If you're facing eviction because your home has been repossessed

This advice applies to Scotland. See advice for See advice for England, See advice for Northern Ireland, See advice for Wales

If your mortgage lender has a court order to repossess your home, you can still try to negotiate. The lender might be prepared to give you more time as they already have the backing of the court.

You’ll probably have to make a new payment offer for your arrears and a plan to keep paying the mortgage to avoid being evicted. If you need help to do this, you can get advice from a Citizens Advice Bureau.

When do you have to leave

Once your lender has the court order, they could ask you to leave the property quite quickly. You’ll usually be given about 2 weeks from the date of the court order.

Your lender can’t sell the property with you in it, so they might ask the court for a warrant to make sure you leave. This is called a warrant for ejection.

What happens on the eviction date

On the eviction date, a representative of the lender might come to repossess the property. The representatives are called sheriff officers.

It’s normal for the locks on the property to be changed to stop you getting back in. If the sheriff officers arrive when you’re not at home and change the locks with your possessions still in the property, you’ll need to contact your lender. Your lender should then arrange to let you in to collect your possessions.

Find out more about eviction once your home has been repossessed on the Shelter Scotland website.

How to prepare for eviction

You might only have a couple of weeks before you have to leave the property. You should get advice from an adviser to help you:

  • work out where you’re going to live - the local council should have been in contact already. If it hasn’t, and you’re going to be made homeless, you should tell the housing department as it has a duty to provide you with temporary accommodation. You can find the details of your local council on mygov.scot and get more help if you’re facing homelessness

  • make a list of all the agencies you have to tell about your move - for example, gas, electricity and phone services which could keep sending you bills, the council tax department at the local council and the Post Office redirection service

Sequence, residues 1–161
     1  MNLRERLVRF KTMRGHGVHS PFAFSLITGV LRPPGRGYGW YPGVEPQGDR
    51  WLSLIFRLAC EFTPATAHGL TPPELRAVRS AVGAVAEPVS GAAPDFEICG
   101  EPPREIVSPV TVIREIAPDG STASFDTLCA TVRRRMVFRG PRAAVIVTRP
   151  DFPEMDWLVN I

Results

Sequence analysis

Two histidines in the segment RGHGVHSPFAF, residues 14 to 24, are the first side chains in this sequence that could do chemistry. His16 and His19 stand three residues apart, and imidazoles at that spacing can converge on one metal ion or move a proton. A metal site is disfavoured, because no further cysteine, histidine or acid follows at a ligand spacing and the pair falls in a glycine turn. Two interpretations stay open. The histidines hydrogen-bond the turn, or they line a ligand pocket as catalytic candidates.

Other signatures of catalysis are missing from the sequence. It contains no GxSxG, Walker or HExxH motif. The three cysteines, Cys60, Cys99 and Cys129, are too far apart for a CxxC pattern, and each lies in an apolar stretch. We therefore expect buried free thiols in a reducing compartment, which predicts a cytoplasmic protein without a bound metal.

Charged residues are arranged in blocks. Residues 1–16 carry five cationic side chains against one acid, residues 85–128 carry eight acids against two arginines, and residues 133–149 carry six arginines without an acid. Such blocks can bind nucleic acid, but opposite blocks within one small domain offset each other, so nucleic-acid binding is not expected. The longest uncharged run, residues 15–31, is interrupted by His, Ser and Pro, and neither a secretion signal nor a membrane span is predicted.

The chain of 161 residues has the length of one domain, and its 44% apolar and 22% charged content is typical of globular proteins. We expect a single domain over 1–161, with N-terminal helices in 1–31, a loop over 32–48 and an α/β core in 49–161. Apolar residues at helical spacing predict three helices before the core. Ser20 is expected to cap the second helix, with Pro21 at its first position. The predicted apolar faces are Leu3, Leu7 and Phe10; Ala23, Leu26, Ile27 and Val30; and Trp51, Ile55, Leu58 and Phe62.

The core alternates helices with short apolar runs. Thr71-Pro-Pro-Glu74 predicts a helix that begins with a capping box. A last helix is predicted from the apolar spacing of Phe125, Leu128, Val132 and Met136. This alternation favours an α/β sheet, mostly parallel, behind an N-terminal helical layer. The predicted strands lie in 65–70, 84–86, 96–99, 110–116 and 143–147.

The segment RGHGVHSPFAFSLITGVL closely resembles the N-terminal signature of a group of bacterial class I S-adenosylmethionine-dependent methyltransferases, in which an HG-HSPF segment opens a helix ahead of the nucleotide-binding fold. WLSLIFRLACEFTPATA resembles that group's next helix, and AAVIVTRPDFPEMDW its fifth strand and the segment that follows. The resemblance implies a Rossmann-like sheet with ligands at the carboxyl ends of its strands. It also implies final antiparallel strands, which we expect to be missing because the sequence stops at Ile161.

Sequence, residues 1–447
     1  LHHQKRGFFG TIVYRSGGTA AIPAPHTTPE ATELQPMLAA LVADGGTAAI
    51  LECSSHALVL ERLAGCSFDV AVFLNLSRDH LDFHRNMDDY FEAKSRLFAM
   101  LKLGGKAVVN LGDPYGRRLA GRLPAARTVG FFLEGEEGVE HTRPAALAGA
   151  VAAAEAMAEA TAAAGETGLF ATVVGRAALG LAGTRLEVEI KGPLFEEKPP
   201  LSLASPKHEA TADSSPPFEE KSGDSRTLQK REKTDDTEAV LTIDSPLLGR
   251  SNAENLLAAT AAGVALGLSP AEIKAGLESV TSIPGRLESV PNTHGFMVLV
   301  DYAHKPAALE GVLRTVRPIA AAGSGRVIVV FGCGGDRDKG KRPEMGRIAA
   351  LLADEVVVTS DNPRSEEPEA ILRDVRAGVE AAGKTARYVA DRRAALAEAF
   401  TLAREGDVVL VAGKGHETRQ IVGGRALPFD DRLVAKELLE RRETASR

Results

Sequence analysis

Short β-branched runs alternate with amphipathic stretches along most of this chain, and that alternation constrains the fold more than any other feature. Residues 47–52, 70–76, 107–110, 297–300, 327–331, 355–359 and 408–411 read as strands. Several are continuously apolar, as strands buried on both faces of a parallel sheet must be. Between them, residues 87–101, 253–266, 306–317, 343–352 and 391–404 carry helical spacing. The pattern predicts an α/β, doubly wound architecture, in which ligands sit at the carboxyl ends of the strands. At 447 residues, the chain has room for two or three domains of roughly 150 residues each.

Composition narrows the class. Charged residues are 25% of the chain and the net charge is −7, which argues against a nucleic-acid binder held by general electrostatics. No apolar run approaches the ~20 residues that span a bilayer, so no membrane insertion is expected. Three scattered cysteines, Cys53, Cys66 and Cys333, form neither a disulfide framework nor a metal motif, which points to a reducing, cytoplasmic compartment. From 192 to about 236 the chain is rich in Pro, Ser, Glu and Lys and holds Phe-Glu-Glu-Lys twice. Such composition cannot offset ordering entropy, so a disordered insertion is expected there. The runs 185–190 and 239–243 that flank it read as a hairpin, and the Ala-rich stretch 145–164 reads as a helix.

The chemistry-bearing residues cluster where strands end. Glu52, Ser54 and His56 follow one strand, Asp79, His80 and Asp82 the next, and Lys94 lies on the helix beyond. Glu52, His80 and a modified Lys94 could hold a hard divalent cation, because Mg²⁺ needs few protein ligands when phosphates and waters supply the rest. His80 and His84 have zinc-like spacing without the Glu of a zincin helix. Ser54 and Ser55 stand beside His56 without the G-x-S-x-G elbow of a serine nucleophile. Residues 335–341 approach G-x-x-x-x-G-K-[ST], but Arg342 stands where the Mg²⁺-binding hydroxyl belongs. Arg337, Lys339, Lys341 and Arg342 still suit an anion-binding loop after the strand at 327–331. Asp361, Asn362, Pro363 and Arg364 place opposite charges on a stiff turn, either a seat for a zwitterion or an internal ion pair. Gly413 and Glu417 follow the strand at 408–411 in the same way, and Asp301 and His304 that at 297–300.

• contact the sheriff officers to ask about the date of eviction - if you haven't already been told when you have to leave.

You can get advice from a Citizens Advice Bureau

Once your lender has sold your property 

Once your lender has sold your property, they will:

  • take what they’re owed from the proceeds of the sale

  • deduct any legal and estate agents' fees

  • repay any other lenders if the property has been used as security for a loan

  • give you anything left over.

If there’s a mortgage shortfall 

If the money from selling the property isn’t enough to repay what you owe, you’ll have to pay the difference. This is called a shortfall. Your lender will send you a bill for the shortfall. Your lender might go to court to force you to pay this amount.

If you don't pay off the mortgage shortfall and you buy another property, the lender of your first property might apply to court for powers to force you to pay back the shortfall. This could include making you bankrupt.

Get more information on mortgage shortfalls on the National Debtline website.

Taking out another mortgage after being evicted for mortgage arrears

If you’ve been evicted for mortgage arrears, you might have problems taking out another mortgage. This is because details of any payments you’ve missed are held on file by credit reference agencies, such as Experian or Equifax. 

Mortgage lenders will contact these agencies to find out if you have a good credit rating.

Your past credit history might not stop you taking out a mortgage, but if you still owe money on a mortgage and try to take out another one, you might have difficulty getting a loan.